The PA Chamber advocates for responsible state budgets that make wise investments and set the Commonwealth on a path toward fiscal prosperity. This largely means battling back against excessive mandates and tax increases on the employer community, enabling them to invest, hire and grow.
On February 4, Gov. Tom Wolf delivered his 6th budget address to a joint session of the General Assembly. The administration’s 2020-21 spending plan calls for $36.056 billion in spending – a 6 percent or $2 billion increase over the current year. While the proposal does not call for any broad-based tax increases, Republican legislative leaders in the House and Senate immediately pushed back on the amount of additional spending in the plan.
Following the governor’s address, the PA Chamber issued a statement applauding the governor’s continued focus on working with lawmakers on both sides of the aisle to address the Commonwealth’s workforce issues. We look forward to continuing both our external and internal efforts to identify innovative solutions to addressing the jobs skills gap and removing barriers to work.
The governor’s budget plan also includes proposed changes to the Commonwealth’s tax structure. While not in favor of all of the tenants of the planned changes, the PA Chamber has long advocated for a reduction to the state’s Corporate Net Income Tax rate – which, with one of the highest effective rates in the nation, continues to send a red flag to job creators looking to potentially invest in the Commonwealth. The PA Chamber is encourage lawmakers to follow the federal government’s lead and make long overdue and substantial changes to the Commonwealth’s tax structure. Any reforms should be based on the principles of competitiveness, fairness, predictability and simplicity.
There are, however, some components of the governor’s budget that cause concern – including a troubling proposal to more than double the state’s minimum wage to $15, will hurt job creation and decrease the number of entry-level positions in the Commonwealth. decrease the number of entry-level positions in the Commonwealth.
Additionally, while not directly tied to the budget, the Wolf administration has also renewed calls for an additional severance tax on the natural gas industry. In the week prior to the budget address, the governor again touted his “Restore Pennsylvania” initiative – which would use the proceeds from a severance tax to pay for $4.5 billion in borrowing to fund critical infrastructure projects. More information on that proposal can be found here.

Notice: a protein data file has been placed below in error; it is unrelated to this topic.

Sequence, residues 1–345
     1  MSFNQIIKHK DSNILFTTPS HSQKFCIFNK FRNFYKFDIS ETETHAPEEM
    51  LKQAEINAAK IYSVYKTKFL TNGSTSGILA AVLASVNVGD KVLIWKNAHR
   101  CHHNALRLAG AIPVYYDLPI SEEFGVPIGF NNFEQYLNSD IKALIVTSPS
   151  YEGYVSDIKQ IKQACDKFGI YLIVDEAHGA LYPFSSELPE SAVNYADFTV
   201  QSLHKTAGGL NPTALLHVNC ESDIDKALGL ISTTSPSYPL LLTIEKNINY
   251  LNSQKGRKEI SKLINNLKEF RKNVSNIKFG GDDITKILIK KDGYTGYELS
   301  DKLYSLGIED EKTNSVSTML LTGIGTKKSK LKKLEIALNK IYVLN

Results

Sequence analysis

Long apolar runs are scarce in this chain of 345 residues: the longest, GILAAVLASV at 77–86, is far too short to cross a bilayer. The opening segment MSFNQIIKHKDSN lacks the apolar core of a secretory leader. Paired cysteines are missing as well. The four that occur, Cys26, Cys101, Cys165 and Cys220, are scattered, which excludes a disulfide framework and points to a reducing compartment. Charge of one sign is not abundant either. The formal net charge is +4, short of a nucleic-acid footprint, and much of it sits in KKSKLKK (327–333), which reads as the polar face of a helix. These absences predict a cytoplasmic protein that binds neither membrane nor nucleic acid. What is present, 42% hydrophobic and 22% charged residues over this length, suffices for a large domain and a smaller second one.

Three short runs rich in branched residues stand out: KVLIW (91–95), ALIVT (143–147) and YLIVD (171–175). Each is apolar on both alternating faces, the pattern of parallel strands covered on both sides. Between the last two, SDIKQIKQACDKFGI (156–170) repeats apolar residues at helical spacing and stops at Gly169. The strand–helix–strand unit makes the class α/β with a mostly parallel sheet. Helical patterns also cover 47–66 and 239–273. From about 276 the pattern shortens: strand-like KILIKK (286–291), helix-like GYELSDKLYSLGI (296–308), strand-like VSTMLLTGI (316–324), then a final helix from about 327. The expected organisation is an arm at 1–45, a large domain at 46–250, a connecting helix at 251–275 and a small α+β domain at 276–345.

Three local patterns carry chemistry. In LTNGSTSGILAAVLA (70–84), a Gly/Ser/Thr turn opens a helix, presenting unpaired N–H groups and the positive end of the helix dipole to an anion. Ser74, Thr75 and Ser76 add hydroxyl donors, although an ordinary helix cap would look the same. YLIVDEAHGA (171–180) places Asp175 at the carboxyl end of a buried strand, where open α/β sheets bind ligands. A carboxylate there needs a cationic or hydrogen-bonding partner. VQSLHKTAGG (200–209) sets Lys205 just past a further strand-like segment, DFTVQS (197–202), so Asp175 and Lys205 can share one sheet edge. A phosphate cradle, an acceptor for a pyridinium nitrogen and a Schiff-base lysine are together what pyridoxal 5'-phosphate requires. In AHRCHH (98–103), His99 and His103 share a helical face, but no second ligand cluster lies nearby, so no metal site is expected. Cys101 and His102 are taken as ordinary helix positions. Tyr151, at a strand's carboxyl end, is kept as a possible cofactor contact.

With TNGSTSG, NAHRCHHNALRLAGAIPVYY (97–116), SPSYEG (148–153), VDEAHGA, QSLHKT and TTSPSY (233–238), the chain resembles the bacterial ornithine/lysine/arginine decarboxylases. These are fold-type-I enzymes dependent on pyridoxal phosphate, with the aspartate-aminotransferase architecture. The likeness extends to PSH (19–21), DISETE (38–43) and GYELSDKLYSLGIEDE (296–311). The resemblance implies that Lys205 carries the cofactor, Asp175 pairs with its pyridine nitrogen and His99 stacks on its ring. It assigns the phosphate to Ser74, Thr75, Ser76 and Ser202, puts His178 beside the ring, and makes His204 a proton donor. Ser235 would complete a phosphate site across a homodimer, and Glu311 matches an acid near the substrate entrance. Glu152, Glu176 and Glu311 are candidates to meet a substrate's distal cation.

Over the coming weeks and months, we will be keeping a close eye on the budget process – working with lawmakers from both sides of the aisle on those policy issues that we can build consensus on; pushing back on proposals that will negatively impact the Commonwealth’s business climate; and advocating for reforms that will improve our overall competitiveness.
The state budget process dominates the legislative agenda for the first part of each year. With two legislative chambers and the governor’s office all involved, there is a lot of back and forth between the parties and negotiations can often be confusing and hard to follow. Below is a simple timeline to help understand the annual budget process.
Pennsylvania Chamber of Business and Industry President and CEO Gene Barr issued the following statement in regard to Gov. Tom Wolf’s 2020-21 budget address:
Pennsylvania Chamber of Business and Industry President and CEO Gene Barr issued the following statement regarding the recently finalized 2019-20 state budget:
Within Pennsylvania’s borders are a diverse and vibrant collection of communities where employers set up shop, residents raise families and tourists come to visit. The success of our Commonwealth is directly tied to the strength of its communities and public policy should help communities thrive.
Pennsylvania’s labyrinthine system of local governments is not conducive to strengthening economic competitiveness. The Commonwealth is comprised of 67 counties, 56 cities, 958 boroughs, 1 town (Bloomsburg), 1,547 townships, 500 school districts and 1,961 authorities. Keeping government “close to the people” is certainly an important principle, but too many small governments with diminished capacities, inadequate resources, and limited economic wherewithal do not help advance economic development and job growth within communities. The PA Chamber believes that cooperation among counties and municipalities is part of what is needed to foster more functional and effective local government.
Moreover, the financial wellbeing of many Pennsylvania municipal governments is often harmed by antiquated and unbalanced state laws and regulations, which may necessitate higher costs and inefficient spending. Ultimately, these costs are borne by Pennsylvania residents and businesses, many of whom now live and operate in financially distressed communities. The PA Chamber supports efforts and legislation to help ease the financial burden municipalities face.
Municipal sustainability can be effectuated by: